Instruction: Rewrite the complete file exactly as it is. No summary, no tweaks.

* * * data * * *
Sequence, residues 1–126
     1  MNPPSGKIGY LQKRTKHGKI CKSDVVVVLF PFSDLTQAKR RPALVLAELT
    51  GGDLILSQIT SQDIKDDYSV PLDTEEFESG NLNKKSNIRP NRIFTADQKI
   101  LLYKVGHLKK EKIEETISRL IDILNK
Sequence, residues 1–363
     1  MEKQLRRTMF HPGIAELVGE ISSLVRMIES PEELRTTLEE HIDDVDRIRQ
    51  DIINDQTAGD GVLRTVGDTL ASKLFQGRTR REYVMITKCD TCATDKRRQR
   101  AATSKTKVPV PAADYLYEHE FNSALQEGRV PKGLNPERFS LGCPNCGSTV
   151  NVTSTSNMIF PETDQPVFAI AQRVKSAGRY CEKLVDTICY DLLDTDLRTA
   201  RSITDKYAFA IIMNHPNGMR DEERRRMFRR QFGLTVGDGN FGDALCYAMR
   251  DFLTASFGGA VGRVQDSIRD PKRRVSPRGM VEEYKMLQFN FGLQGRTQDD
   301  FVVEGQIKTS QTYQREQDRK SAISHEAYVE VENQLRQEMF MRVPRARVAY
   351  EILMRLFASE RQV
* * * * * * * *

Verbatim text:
Sequence, residues 1–126
     1  MNPPSGKIGY LQKRTKHGKI CKSDVVVVLF PFSDLTQAKR RPALVLAELT
    51  GGDLILSQIT SQDIKDDYSV PLDTEEFESG NLNKKSNIRP NRIFTADQKI
   101  LLYKVGHLKK EKIEETISRL IDILNK
Sequence, residues 1–363
     1  MEKQLRRTMF HPGIAELVGE ISSLVRMIES PEELRTTLEE HIDDVDRIRQ
    51  DIINDQTAGD GVLRTVGDTL ASKLFQGRTR REYVMITKCD TCATDKRRQR
   101  AATSKTKVPV PAADYLYEHE FNSALQEGRV PKGLNPERFS LGCPNCGSTV
   151  NVTSTSNMIF PETDQPVFAI AQRVKSAGRY CEKLVDTICY DLLDTDLRTA
   201  RSITDKYAFA IIMNHPNGMR DEERRRMFRR QFGLTVGDGN FGDALCYAMR
   251  DFLTASFGGA VGRVQDSIRD PKRRVSPRGM VEEYKMLQFN FGLQGRTQDD
   301  FVVEGQIKTS QTYQREQDRK SAISHEAYVE VENQLRQEMF MRVPRARVAY
   351  EILMRLFASE RQV